Friday, January 11, 2013

Angry Israelis ask Palestinians who they should vote for

As Israeli right-wing nationalist/religious parties try to outdo each other in their reactionary appeal in the run up to this month’s general election, a remarkable online action is offering Palestinians in the Occupied Territories a proxy “vote”.

On a Facebook community called Real Democracy, disillusioned Israeli citizens are offering their votes to Palestinians on the West Bank who live under military law and have no say in their future. They have agreed to take instructions from Palestinians who respond as to how they should vote on February 22.

Earlier today, Shahaf Weisbein wrote: “I am an Israeli citizen and have the right to vote. Acknowledging the fact that millions of Palestinians are affected directly the decisions and acts of the government I am given the ‘opportunity’ to choose, I hereby give my vote to any Palestinian who wishes to use it. This is not a democracy, it is an apartheid regime.”

Mousa Maria replied to her: “Just this month, 25 people were arrested in my village by the Israeli army for participating in non-violent demonstrations… We are not anti-Semitic or anti-Jewish. We only oppose the policies of the Israeli government. Our goal is to free our land, from settlers and soldiers. Our goal is freedom.”

There’s an anonymous message from a serving Israeli soldier, who came to Israel from Texas three years ago as a committed Zionist. The soldier says her views have “changed dramatically and is supporting the campaign.                        

Bassam Aramin, who lives in East Jerusalem, tells Ofer Neiman that he is a bereaved father, his 10-year-old daughter having been killed by an Israeli soldier in 2007. He says Neiman should use his vote in favour of the left-wing Hadash Party.

East Jerusalem and the West Bank now have an estimated 500,000 Israeli settlers, as a result of the illegal construction programme pursued by successive governments. Their very existence has made it impossible to continue with the so-called peace negotiations, which have been stalled since 2010.

Politically, it looks likely to get a whole lot worse inside Israel itself. Benjamin Netanyahu, whose government has accelerated settlement building and launched repeated attacks on Gaza, is now facing an even more right-wing opponent in the shape of Naftali Bennett. This millionaire, ex-commando favours outright annexation of large parts of the West Bank.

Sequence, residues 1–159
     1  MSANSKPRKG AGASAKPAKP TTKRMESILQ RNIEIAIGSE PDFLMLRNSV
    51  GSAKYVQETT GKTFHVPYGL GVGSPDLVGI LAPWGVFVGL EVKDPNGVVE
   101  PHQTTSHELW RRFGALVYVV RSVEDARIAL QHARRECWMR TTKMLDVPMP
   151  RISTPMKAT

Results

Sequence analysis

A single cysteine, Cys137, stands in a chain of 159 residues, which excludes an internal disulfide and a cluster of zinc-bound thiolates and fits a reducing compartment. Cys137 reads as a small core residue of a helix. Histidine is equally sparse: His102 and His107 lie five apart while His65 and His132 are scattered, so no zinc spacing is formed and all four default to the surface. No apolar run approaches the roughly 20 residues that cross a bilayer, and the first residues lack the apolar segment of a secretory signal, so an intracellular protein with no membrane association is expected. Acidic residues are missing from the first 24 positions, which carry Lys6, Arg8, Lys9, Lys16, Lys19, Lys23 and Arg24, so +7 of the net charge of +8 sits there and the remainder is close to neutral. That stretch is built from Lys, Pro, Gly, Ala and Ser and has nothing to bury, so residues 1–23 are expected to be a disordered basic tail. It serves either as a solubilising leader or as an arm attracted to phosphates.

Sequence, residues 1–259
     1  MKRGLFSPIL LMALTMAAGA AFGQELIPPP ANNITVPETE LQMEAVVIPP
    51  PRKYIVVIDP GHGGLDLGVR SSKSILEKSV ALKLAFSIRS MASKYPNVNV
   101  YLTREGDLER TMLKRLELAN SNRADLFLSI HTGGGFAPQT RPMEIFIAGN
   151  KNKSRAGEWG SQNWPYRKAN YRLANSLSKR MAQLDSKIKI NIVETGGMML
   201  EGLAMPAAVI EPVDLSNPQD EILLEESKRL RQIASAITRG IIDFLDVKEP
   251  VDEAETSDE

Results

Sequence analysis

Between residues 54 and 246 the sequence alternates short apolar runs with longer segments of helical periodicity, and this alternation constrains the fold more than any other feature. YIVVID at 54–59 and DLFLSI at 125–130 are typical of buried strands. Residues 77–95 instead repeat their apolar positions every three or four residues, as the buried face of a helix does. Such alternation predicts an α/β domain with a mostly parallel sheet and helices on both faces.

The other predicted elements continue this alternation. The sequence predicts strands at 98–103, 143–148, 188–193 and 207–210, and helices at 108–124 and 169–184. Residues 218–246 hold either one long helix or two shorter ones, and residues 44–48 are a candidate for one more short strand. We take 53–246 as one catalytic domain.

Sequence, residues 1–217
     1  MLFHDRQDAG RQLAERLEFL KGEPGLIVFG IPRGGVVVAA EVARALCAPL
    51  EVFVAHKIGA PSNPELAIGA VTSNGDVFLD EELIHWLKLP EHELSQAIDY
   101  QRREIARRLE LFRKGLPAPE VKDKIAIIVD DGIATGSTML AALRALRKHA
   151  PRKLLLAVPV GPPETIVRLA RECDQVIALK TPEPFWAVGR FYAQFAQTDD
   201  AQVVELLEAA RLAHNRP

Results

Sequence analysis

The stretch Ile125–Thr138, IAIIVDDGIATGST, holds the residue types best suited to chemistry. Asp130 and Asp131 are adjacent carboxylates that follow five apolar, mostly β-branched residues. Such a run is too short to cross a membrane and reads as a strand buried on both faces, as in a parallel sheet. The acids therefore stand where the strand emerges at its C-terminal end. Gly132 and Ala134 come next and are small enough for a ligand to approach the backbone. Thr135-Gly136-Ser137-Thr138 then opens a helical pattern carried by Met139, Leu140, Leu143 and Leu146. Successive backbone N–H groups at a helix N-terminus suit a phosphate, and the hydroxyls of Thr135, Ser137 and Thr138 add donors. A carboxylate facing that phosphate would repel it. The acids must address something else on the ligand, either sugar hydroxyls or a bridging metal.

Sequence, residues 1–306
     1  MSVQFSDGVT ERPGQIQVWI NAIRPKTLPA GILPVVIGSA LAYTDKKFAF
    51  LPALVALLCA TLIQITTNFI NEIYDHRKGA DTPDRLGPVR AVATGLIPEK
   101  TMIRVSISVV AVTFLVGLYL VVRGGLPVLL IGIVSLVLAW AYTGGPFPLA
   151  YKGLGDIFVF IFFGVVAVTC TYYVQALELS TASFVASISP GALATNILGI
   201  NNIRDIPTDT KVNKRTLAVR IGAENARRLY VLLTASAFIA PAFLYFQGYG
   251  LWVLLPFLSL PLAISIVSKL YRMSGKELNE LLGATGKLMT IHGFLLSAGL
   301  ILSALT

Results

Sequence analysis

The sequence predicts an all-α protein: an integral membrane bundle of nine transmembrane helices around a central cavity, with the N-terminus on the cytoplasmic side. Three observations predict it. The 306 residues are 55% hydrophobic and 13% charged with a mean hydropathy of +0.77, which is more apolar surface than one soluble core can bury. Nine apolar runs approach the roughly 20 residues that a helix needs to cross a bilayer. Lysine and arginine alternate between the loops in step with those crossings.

Polls show that Bennett's far-right, Bayit Yehudi (Jewish Home) will finish third in the parliamentary election and have to be included in any future coalition. He has dismissed as a “dead end” efforts to achieve a two-state solution.

His party is cashing in on the widely-held view that there is no apparent solution to the conflict with the Palestinians. This is actually the case as far as the Zionist political elite is concenred. It is determined to give nothing at all when it comes to an independent Palestinian state.

However, there is also deep uncertainty about the direction Israel is heading in, with over half the electorate saying the country’s path is wrong. And, just as dramatically, an astounding 31% of voters remain undecided with two weeks to go to the election.  
The Israeli-Palestinian electoral rebellion launched last month being conducted through social media has over a 1,000 supporters and finds a growing response among the Palestinians. It neatly exposes the hollow claim that Israel is the “only democracy” in the Middle East simply by showing that oppressed and occupied Palestinians have no say in an election in which the main candidates have them in the firing line.

With the settlements in West Bank making it impossible to conceive of two states living side by side from a geographical yet alone political point of view, a bi-partisan single country where Israelis and all Palestinians have the vote must force itself on to the agenda sooner rather than later.

Paul Feldman
Communications editor

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